ACBob's ZimZam - Blog

English is in dire need of a spelling reform

2022-03-14 ◦ 3 Minute read

I wrote this article to get acquainted with an icelandic keyboard layout, specifically for the purposes of using the Thorn. If you lack thorn rendering support (god help you), or cannot read the thorn, I have provided an alternative version of the article with all thorns removed. It may be a good idea for screen readers, I'm not sure.

Ahh. English. What an... awful, awful language. Ripe wið words taken from different places because we felt like it, to just plain old inconsistencies. A classic addage, "I before E, except after C"... Unless you're ageing, ancient, or you've broken your cleidomastoid1 during a leisure venture while overseeing your reindeer ðat's seizing a plebeian monoþeist.

We've borrowed so many words it can be quite rough on our þrough-put of þoroughly crafted written works. ðe same characters can be used to pronounce many different sounds, and þat's just plain confusing. We drop certain sounds when we feel like it, at our own discretion. Take 'knight' for example, surely pronounced /knixt/, right? Nope, we drop ðe 'k' and ðe 'gh' to give us /naɪt/. We didn't even provide any indication ðat it was going to be a diphþong.

But ðat's simply what happens to languages, as ðe years travel along and people speak it. It'll drift around aimlessly, ðe sounds updating. Behold; a concept known as a spelling reform! Wiþ its power, you can take a language and completely fix ðe spelling issues wiþ it. A lot of languages in ðe world have decided upon and started spelling reforms. German, French, Russian, Hebrew, what-have-you, ðey've all had spelling reforms in one way or ðe oþer. You know who hasn't2 had any spelling reforms? Ðat's right, English.

Now-now, I'm not suggesting we do anyþing radical like ðe Deseret3 alphabet, just a simple reform. You've no doubt seen ðe þorn (or eð) character ðat's been dominating ðe page. Þorn is a lovely character, is it not? It's a character English used to have. Way back when, in ðe distant time of Middle English, English was written and spoken wiþ þorns. A "Þ" = "th" /θ/. But I propose we don't stop ðere, nay, let us continue and go farðer. Icelandic is a language. Peeking at its' alphabet, we see þings ðat you'd expect from ðe group of "European" alphabets, Æ, Ö, etc. But it also has two funny lil' symbols. Þ/þ and Ð/ð (/ð/), Þorn and Eð. In-fact, Icelandic is ðe ONLY language still alive today ðat uses þorn. It's pretty lonely.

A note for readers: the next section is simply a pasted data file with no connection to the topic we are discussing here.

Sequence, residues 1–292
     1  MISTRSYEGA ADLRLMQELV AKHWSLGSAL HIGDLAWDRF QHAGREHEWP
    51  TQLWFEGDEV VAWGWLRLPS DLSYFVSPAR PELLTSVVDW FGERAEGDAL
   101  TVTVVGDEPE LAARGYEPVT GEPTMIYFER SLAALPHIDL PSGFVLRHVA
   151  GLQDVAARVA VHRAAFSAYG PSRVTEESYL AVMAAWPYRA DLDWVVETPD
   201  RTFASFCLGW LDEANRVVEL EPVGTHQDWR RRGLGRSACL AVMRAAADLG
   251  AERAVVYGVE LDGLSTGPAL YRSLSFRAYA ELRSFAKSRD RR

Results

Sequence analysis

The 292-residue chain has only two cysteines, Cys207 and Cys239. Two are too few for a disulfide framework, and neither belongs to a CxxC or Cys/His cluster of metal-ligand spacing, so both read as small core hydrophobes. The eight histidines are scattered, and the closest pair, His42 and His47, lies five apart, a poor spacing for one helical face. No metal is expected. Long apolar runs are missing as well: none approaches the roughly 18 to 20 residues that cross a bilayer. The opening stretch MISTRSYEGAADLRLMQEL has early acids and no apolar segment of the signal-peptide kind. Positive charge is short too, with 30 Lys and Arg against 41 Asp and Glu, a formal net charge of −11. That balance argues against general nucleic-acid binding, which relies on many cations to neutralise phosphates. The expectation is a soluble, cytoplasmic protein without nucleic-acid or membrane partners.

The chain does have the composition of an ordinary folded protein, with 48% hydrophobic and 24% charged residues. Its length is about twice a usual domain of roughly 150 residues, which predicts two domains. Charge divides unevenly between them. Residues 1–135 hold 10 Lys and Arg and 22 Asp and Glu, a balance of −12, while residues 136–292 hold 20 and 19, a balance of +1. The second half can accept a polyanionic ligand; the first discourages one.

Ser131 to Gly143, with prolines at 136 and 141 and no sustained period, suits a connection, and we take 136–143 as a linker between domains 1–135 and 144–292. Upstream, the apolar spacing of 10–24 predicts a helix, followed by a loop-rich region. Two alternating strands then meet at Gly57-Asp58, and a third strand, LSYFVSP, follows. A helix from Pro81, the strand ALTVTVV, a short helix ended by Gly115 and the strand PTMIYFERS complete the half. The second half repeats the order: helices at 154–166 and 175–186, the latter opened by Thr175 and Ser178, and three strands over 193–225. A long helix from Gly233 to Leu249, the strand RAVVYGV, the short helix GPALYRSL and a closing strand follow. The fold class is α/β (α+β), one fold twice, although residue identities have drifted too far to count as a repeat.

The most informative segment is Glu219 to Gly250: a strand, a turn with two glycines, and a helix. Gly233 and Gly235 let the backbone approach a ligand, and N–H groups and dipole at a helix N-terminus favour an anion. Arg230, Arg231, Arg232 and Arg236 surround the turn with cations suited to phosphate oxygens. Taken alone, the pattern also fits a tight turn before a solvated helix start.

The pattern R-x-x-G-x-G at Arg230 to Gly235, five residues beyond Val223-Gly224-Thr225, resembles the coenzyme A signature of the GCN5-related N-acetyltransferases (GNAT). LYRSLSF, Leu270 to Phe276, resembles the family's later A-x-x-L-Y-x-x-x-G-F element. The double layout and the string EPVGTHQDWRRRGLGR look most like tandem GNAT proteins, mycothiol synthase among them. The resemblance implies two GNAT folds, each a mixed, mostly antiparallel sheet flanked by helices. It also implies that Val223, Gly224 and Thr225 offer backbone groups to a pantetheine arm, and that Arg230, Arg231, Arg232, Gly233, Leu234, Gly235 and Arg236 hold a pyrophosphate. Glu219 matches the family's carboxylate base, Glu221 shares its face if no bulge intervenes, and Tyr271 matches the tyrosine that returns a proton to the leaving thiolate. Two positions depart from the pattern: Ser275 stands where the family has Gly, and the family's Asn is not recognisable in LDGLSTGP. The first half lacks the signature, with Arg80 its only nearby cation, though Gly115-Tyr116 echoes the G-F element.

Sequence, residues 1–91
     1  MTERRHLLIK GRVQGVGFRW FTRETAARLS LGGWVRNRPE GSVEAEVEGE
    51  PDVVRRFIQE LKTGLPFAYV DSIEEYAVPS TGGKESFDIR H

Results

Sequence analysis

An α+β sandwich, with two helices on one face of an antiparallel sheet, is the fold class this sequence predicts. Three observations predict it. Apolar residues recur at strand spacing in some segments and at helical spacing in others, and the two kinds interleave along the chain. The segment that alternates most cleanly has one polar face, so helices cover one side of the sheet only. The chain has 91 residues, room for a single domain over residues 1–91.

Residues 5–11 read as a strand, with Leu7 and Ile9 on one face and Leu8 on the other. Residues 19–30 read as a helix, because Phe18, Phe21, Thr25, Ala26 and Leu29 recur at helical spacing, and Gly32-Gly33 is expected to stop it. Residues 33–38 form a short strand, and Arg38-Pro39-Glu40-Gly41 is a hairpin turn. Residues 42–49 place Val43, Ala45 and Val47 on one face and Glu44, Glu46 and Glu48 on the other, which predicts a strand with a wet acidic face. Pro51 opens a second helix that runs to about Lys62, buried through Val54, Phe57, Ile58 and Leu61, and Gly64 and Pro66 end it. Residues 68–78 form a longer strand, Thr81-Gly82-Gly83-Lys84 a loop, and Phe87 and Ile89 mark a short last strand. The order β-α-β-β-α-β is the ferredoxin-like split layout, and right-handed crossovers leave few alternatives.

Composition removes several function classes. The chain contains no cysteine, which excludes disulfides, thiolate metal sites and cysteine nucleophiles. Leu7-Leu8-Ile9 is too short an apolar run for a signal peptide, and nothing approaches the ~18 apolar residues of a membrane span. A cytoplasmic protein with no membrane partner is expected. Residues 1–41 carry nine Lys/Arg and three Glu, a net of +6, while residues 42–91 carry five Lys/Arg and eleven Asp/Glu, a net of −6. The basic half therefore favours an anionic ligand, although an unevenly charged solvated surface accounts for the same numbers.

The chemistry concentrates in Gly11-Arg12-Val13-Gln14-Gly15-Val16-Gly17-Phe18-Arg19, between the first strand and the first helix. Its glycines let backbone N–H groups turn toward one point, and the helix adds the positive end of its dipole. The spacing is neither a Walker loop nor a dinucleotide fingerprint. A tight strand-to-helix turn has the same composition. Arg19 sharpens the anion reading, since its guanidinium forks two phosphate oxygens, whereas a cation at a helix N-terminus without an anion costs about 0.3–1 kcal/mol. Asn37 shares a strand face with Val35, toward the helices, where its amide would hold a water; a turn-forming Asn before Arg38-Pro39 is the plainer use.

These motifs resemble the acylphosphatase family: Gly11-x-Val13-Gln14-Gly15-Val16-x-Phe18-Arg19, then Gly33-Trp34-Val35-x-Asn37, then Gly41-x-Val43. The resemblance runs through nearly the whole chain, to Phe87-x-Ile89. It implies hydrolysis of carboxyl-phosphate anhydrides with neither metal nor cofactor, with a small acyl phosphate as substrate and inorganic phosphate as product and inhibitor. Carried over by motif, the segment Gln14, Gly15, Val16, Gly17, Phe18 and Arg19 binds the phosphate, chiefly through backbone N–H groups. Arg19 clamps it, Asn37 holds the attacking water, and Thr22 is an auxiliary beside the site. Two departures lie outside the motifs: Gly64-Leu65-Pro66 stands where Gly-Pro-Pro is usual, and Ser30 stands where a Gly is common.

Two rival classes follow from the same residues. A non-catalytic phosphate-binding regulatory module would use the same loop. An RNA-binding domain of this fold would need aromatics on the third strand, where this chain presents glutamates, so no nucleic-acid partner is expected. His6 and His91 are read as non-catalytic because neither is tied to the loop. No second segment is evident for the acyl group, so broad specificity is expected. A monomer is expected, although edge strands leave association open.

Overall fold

So, I propose ðat much like ðe Icelandic people, we take on ðe reformed characters of þorn and eð. Icelandic too introduced boþ as an act of reform, so why can't we?

  • "Wiþ different dialects, it's impractical to have phonemic characters for all of ðem!"
    It sounds like ðat's less my fault, and more your fault for still calling ðem English. Anyþing along ðe lines of "Aye 'ah noo, It's a wee shame aye, we need t' look in'tae it." Makes me question ðe integrity of ðe phrase 'dialect'. Don't get me started on anyþing American.

Keep in mind ðough, I substituted þorn based on how I pronounce words, þrough ðat meþod it'd be different for you. But I'd þink if we're reforming ðe language, we'd work it out.

  1. Collar bone.

  2. To my knowledge, which was a meagre amount of research so take it wiþ as much salt as you can carry.

  3. Someþing I only just learned about while writing ðis, and immediately went to download a suitable font. Furðermore, 𐐮𐑁 𐐷𐐭 𐐿𐐰𐑌 𐑉𐐨𐐼 𐑄𐐮𐑅, 𐐷𐐭 𐐸𐐰𐑂 𐑊𐐫𐑅𐐻 𐑄 𐑀𐐩𐑋.